• Experienced incontinence during pregnancy or before
  • Are overweight
  • Had a vacuum-assisted delivery
  • Had a pelvic floor injury during childbirth

8 Helpful Tips For Dealing With Postpartum Urinary Incontinence

It can take a few weeks or even months for you to regain your urinary bladder control. The good news is that there are several helpful tips that can help speed up your recovery process. Here are eight ways to help with bladder control management after childbirth.

  • Practice Kegels: Kegel exercises can strengthen your pelvic floor muscles both during pregnancy and postpartum. It can also prevent the risk of an injury during childbirth. Try to practice at least 2-3 sets of kegel exercises every day, holding each squeeze for about 10 seconds while standing.
  • Increase your fibre intake: During postpartum, you may experience constipation. This can add pressure to your bladder causing leakage. To avoid that, consume a diet containing fibre-rich fruits and veggies such as beetroots, avocados, berries, and apples.
  • Avoid citrus foods, caffeine, and alcohol: These foods and beverages can irritate your bladder and make it all the more challenging to control your urine. Therefore, try to avoid these foods, and consult your doctor before including them in your diet.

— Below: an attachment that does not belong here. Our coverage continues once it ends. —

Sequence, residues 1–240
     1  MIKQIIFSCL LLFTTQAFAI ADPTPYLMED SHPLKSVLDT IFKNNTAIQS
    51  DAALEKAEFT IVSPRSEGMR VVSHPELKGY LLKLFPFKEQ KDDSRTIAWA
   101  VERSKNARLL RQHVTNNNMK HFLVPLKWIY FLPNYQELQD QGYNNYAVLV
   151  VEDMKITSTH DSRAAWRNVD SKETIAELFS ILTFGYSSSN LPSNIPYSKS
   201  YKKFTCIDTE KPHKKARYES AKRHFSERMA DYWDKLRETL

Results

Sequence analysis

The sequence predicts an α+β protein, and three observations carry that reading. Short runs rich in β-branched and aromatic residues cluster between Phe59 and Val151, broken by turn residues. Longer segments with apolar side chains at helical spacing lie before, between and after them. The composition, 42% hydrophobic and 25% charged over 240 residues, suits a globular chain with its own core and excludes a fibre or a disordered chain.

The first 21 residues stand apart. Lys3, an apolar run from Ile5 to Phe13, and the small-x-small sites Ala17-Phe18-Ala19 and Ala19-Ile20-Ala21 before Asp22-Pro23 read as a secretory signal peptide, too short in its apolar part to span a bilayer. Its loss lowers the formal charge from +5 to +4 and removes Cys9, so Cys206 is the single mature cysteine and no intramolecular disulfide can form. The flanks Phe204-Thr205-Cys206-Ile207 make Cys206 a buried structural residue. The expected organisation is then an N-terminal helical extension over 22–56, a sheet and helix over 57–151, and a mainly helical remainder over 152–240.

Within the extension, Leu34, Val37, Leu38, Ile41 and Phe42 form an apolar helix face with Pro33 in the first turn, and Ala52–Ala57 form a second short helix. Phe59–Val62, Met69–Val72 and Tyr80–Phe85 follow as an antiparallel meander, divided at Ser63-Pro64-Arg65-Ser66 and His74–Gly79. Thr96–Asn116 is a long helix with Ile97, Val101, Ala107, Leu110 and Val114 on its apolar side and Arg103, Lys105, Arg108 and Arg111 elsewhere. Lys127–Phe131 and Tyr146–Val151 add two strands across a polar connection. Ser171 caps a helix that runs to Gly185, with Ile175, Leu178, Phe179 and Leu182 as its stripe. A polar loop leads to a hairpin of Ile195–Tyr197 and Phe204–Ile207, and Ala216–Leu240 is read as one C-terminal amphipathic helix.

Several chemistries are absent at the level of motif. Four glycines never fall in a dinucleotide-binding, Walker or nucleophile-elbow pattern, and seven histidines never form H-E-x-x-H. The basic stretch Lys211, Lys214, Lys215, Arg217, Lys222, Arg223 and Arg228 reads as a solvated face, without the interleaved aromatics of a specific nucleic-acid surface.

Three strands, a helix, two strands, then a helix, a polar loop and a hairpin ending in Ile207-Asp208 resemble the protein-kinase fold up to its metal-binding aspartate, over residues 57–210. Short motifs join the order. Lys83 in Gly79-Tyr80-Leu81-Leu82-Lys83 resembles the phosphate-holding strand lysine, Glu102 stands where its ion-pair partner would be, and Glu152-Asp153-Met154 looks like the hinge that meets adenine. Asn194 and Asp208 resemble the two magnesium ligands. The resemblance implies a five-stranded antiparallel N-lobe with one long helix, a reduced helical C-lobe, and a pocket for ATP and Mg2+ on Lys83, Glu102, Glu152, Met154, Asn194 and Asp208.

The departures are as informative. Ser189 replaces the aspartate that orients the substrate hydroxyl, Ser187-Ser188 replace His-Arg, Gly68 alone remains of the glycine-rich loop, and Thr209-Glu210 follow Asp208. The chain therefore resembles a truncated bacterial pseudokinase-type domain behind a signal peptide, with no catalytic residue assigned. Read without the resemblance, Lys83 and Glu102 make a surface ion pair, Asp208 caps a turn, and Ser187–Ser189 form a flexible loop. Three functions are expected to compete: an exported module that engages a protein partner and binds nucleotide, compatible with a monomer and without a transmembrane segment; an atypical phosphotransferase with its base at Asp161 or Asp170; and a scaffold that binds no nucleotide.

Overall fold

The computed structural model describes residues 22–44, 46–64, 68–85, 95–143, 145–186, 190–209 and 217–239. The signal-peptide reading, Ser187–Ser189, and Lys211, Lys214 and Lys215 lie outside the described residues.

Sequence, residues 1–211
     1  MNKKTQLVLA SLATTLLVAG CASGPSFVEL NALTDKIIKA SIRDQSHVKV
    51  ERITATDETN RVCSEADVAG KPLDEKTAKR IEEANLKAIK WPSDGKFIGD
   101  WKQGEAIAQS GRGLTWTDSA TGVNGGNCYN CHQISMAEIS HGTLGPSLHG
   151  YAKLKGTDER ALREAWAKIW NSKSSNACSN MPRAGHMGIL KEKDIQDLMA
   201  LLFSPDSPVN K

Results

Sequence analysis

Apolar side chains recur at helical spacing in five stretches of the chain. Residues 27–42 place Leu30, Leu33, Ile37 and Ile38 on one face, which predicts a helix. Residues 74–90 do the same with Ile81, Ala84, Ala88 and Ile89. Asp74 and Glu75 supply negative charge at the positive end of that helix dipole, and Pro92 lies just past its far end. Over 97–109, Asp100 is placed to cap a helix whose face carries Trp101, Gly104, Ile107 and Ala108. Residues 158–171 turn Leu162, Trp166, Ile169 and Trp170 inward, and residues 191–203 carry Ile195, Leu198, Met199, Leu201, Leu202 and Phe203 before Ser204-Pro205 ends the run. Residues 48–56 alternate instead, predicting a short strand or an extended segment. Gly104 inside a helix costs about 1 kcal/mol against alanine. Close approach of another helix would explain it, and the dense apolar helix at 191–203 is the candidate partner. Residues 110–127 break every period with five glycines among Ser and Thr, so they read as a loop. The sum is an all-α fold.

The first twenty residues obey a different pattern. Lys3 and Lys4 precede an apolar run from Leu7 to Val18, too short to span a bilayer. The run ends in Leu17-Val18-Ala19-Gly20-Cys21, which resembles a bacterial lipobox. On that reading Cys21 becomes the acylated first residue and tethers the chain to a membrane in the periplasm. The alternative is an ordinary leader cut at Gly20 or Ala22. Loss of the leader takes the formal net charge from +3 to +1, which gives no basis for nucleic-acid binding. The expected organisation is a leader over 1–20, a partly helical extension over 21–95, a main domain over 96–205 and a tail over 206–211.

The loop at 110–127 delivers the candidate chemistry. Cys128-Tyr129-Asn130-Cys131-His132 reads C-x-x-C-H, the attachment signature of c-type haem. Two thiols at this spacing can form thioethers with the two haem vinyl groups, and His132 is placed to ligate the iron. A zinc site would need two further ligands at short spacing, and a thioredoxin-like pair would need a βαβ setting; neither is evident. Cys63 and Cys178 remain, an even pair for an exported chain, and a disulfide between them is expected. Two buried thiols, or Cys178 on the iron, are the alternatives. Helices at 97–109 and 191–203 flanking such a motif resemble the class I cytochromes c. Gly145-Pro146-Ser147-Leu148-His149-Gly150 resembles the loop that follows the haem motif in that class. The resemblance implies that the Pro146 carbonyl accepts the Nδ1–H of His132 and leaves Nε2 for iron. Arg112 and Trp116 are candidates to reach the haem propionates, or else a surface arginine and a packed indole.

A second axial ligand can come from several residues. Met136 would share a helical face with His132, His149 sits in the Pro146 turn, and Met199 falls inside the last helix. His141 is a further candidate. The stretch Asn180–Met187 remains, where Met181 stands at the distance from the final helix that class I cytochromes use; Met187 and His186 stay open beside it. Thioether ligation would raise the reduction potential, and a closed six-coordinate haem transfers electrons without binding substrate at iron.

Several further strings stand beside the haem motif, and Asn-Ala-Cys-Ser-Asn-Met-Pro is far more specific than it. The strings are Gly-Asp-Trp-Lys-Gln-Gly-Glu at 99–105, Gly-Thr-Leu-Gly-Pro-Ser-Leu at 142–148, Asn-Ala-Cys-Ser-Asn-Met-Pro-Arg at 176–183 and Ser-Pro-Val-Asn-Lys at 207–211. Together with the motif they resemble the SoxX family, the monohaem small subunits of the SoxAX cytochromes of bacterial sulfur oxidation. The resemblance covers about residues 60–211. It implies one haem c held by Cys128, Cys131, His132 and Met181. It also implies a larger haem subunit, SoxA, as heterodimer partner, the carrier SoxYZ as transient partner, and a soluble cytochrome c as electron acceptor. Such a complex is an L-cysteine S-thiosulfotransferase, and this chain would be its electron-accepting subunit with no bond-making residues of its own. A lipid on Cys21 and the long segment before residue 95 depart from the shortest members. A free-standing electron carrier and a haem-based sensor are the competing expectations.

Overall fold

• Invest in bladder control pads: Bladder control pads are must-have incontinence supplies that help absorb urine leakage. Unlike bulky briefs, bladder control pads are much smaller and designed with highly-absorbent materials. They are similar to menstrual pads and are easy to change and carry in your bag.
Maintain healthy hydration to prevent conditions like urinary tract infections
  • Stay hydrated: You might feel the urge to cut back on water if you are facing urinary incontinence postpartum. However, inadequate hydration can make you vulnerable to urinary tract infections (UTIs) and dehydration. Make sure to drink at least eight glasses of water every day.
  • Maintain a healthy weight: No. This doesn’t mean that you start a rigorous weight loss workout plan right after birth. Just try to maintain a healthy weight as it will help relieve pressure from your bladder and prevent urine leakage.
  • Avoid putting pressure on your abdomen: Make sure that you are not indulging in any activities that put additional pressure on your abdomen. Refrain from lifting heavy weights, abdominal exercises, and running or jumping to reduce stress on the abdomen and prevent leakage.
  • Train your bladder: When all methods fall short, you should practice by training your bladder. Urinate every 30 minutes (even before you have the urge), and then gradually extend the duration between your washroom trips. This practice will help train your bladder and you will notice urinating in normal intervals, i.e, every three to four hours during the day and four to eight hours at night.

Postpartum urinary incontinence is a very frustrating condition, but try not to freak out. Consult your doctor immediately if you notice urine leakage after childbirth. They will determine the right treatment method that will help you regain your bladder control in no time. 

11 May 2022